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19 October 2021

Why Quit Smoking?

It’s Stoptober!

You are probably aware that every October, the NHS runs a campaign to challenge people to stop smoking for 28 days1, the idea being that if you can manage 28 days smoke-free, you’re 5 times more likely to quit for good.

If you’re one of the many people in the UK who are considering giving up smoking but are not yet at the stage of taking action, then you are not alone. You may be wondering what hard evidence there really is that smoking is actually harmful to your health, or how you can actually access the support you need, or when’s the right time to take the plunge. If so, this article is for you!

Smoking With A Child In The Car

Dr Katie BlogWritten by Dr Katie Stephens, GP

Dr Katie graduated from the University of Manchester in 2007 (MBChB) and completed her GP training in the West Midlands in 2012 (MRCGP). 


snap smoking


Where’s the proof?

We’ve all heard that smoking is bad for us, but how so? And how can we be sure? Depending on whether you’d prefer to read a 700 page article2 that references another 84 different articles (!), or a much briefer, 20 page summary for the lay person3, the evidence is there. However, I always think it is more helpful to view it in the opposite, more positive light; instead of listing how smoking harms your health, here are some of the ways that stopping smoking can benefit you:

  • Reduce your risk of 12 types of cancer4
  • Slow the decline in how well your lungs work (ie stopping smoking improves lung function compared to continuing smoking)5
  • Reduce your risk of heart attack and stroke1
  • Add as much as 10 years to your life expectancy4
  • Reduce risks associated with passive smoking to people around you6, eg risks of meningitis and chest infections in children exposed to passive smoke.

Is smoking linked to blood pressure?

We know that both smoking and blood pressure can independently increase the risk of serious conditions like heart attacks and strokes. But does smoking affect blood pressure directly? Well, it certainly causes a temporary rise in your blood pressure. Longer-term effects are still debated: some older research surprisingly suggests that smoking lowers blood pressure. If you’ve heard of these articles and used this as justification for not yet quitting, I’m afraid I have bad news: you are probably being misled.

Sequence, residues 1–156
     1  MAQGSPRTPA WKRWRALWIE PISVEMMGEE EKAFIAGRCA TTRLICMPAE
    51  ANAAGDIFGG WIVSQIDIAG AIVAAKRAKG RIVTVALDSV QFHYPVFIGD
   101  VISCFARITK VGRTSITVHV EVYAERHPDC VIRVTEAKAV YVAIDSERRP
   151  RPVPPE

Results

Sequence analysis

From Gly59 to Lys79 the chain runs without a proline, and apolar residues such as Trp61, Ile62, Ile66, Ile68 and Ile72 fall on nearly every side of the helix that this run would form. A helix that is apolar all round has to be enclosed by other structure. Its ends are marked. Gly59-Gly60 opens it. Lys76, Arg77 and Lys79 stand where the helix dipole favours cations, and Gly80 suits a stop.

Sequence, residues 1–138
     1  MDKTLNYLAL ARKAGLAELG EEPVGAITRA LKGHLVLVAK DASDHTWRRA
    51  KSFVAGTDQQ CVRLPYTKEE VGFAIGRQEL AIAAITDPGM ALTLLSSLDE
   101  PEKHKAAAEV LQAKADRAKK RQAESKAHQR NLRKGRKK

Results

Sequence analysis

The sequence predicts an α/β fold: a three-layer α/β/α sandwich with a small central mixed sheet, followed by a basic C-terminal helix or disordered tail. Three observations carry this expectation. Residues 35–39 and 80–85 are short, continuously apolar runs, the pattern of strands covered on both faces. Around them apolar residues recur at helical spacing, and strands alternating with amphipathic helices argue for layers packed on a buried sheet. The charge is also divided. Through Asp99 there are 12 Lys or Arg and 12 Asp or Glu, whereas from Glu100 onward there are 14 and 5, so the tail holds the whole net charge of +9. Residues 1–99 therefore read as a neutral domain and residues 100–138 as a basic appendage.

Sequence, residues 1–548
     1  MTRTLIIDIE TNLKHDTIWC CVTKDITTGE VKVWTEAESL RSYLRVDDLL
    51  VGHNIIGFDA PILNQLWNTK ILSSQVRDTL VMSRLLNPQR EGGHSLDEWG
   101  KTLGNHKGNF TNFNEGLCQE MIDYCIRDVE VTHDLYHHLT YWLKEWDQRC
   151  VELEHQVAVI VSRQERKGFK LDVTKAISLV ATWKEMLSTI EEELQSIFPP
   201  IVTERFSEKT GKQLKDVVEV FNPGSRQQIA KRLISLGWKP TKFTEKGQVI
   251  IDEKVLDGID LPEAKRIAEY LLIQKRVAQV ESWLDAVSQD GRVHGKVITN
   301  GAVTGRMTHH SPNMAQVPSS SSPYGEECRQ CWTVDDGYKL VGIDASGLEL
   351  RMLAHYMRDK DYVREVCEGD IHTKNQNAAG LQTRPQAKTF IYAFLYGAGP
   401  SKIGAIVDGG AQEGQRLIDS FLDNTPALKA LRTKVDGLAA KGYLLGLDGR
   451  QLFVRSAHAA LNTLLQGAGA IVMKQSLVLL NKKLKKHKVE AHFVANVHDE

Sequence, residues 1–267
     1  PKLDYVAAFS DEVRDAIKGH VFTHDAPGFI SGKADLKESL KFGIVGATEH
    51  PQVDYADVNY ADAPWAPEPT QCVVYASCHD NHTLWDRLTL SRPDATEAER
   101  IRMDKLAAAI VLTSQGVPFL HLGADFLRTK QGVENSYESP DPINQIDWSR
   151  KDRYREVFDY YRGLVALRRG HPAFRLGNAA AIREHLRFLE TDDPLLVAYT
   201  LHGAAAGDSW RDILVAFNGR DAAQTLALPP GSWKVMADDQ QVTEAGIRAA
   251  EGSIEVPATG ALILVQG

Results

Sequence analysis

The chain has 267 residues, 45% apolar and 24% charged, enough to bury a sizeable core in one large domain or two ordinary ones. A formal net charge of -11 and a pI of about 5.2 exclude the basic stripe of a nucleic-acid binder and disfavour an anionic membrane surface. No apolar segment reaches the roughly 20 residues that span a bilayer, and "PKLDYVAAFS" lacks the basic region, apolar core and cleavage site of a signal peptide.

Essentially, these articles took just a snapshot look at current behaviour and blood pressure readings and so likely have significant bias included. As the effects of smoking on the body are slow and cumulative over time, looking at someone’s health and smoking habits over many years is probably a more reliable way of assessing smoking’s actual impact. There is a fantastic study that does this exactly, with almost 30,000 participants: it found that there did indeed appear to be a link between the number of cigarettes smoked and developing high blood pressure, this link became more evident as age increased7.

smoking on blood pressure
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How does smoking raise your blood pressure?

As a child, did you ever pop your thumb on the end of a hose pipe in order to spray water at an unsuspecting sibling or friend? Narrowing the space for the water to come out the end of the pipe increases the pressure it is under, and so means you can spray it further and harder. This is probably a bit like how smoking can raise your blood pressure: if you imagine your blood vessel (or artery) is the pipe, smoking can narrow it down and make it more firm through a process called atherosclerosis (essentially depositing fatty gunk on the inner aspect of the artery walls). The blood coming through the narrowed artery is then under more pressure, which is another way of saying the blood pressure is raised.

What is the problem with having high blood pressure?

Why should we care about our blood pressure being raised? In a nutshell, it increases our risk of more serious things like strokes & heart attacks and can damage various organs in our body.

Withdrawal Symptoms

Depending on how much you are smoking at the moment, you may expect to get withdrawal symptoms. Briefly, these may include craving cigarettes, feeling irritable, brain fog and increased appetite. Being prepared for these with a plan of action is always helpful and there is a great resource here8 that has practical ways to manage the seven most common withdrawal symptoms.

smashing cigarettes

Where to go for support

If I’ve managed to convince you with my hose pipe analogies and multiple evidence-rich references that now really is the right time to move from the contemplation stage to taking action, then please comment below and let me know, as I would love to hear about this. I highly recommend visiting the NHS Stoptober site1 for advice and support. Consider downloading the free NHS Quit Smoking app to get yourself set up with some good support. You can also find local support by popping your postcode in on this9 page.

Lastly, if you have concerns about your blood pressure, please have a look at our monitors below, which are all BIHS-approved and reliable.

Dr Katie Blog

Dr Katie Stephens, GP

Dr Katie graduated from the University of Manchester in 2007 (MBChB) and completed her GP training in the West Midlands in 2012 (MRCGP).

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